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how long does it take hepatitis b to show up

By: Ana Mixon

August 2, 2023

How Long Does It Take Hepatitis B To Show Up?

If you were recently exposed to hepatitis B, you might wonder: How long does it take hepatitis B to show up? After all, this virus can result in a serious liver condition, and you’ll want to do everything possible to prevent the infection.

Unfortunately, hepatitis B can take a while to show up on an STD test or begin producing symptoms. You may not experience symptoms until up to five months after exposure, but they can begin in as little as eight weeks. 

You won’t immediately know whether hepatitis B exposure led to an infection. But periodically screening for hepatitis B with a 10-panel STD test can help you catch it as soon as it shows up in your body. 

Here’s everything you need to know about hepatitis B symptoms, testing, medication, and prevention: 

What Is Hepatitis B?

The term “hepatitis” means inflammation of the liver, and there are a few different forms of this condition: hepatitis A, B, and C. Each spreads through a different hepatitis virus, but they produce similar symptoms. 

Hepatitis B is a liver infection resulting from the hepatitis B virus (HBV). This virus transmits through body fluids. You may contract it if you share needles or have sexual contact with an infected person. An infected mother can also pass hepatitis B to her baby. 

Because hepatitis B is often asymptomatic, it can easily spread between unsuspecting persons. If you’re sexually active, completing a rapid STD test periodically can help you identify asymptomatic STDs. 

Acute vs. Chronic Hepatitis B

Contracting HBV can lead to an acute or chronic hepatitis B infection. 

Acute hepatitis B is the first phase of the infection, occurring during the six-month window after contracting HBV. You may not experience any symptoms during this phase. Those who do have symptoms of acute hepatitis B will typically only show mild ones.

Some people may experience more intense symptoms of acute hepatitis B than others, and this infection occasionally requires hospitalization.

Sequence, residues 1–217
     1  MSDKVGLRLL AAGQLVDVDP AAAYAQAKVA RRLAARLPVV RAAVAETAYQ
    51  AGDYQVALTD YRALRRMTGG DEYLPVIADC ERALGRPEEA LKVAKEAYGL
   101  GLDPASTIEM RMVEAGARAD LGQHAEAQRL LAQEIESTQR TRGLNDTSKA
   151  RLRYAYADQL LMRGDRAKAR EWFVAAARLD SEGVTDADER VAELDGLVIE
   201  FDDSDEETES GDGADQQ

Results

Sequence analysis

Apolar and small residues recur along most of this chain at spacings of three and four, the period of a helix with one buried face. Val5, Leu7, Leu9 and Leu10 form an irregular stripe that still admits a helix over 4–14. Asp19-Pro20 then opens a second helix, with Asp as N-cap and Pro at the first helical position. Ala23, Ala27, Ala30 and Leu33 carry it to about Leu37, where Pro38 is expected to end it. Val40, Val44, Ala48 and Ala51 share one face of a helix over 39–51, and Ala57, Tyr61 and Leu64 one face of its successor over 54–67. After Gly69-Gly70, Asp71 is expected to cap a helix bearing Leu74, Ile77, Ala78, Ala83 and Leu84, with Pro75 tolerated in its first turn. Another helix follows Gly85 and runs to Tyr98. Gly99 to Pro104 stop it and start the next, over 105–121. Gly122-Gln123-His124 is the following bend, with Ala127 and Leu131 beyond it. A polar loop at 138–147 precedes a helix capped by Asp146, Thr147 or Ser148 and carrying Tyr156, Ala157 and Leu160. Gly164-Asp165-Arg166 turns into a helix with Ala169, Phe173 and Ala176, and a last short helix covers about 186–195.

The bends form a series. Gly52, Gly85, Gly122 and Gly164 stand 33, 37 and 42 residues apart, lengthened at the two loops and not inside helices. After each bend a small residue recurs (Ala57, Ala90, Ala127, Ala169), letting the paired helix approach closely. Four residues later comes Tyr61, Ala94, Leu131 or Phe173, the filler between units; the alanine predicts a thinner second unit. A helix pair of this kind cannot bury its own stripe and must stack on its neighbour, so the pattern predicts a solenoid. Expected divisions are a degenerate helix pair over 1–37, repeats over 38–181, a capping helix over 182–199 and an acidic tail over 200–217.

Around 90% of adults infected with hepatitis B fight off the infection while it’s in the acute phase. In these people, the liver heals from the infection completely, and the infected person experiences immunity to hepatitis B for the rest of their life. 

The other 10% of the population who cannot successfully fight off the infection within six months experience chronic hepatitis. This second phase of the infection usually persists for the rest of the person’s life. 

People with chronic hepatitis can experience serious health problems like liver damage and cirrhosis. Sometimes, hepatitis B leads to liver cancer and can even result in death. 

While chronic hepatitis B is relatively rare in adults, it is much more common in infants infected at birth. Around 90% of infants with hepatitis B develop a lifelong chronic infection. This risk dramatically decreases by the time a child turns six, at that point mirroring the risk for adults. 

Hepatitis B Symptoms

Hepatitis B can produce different symptoms depending on which phase of the infection you are in. 

Initially, acute hepatitis B may not produce any symptoms, or you may only experience mild upset stomach, fatigue, or loss of appetite, much like the flu. More serious symptoms of acute and chronic hepatitis B may include: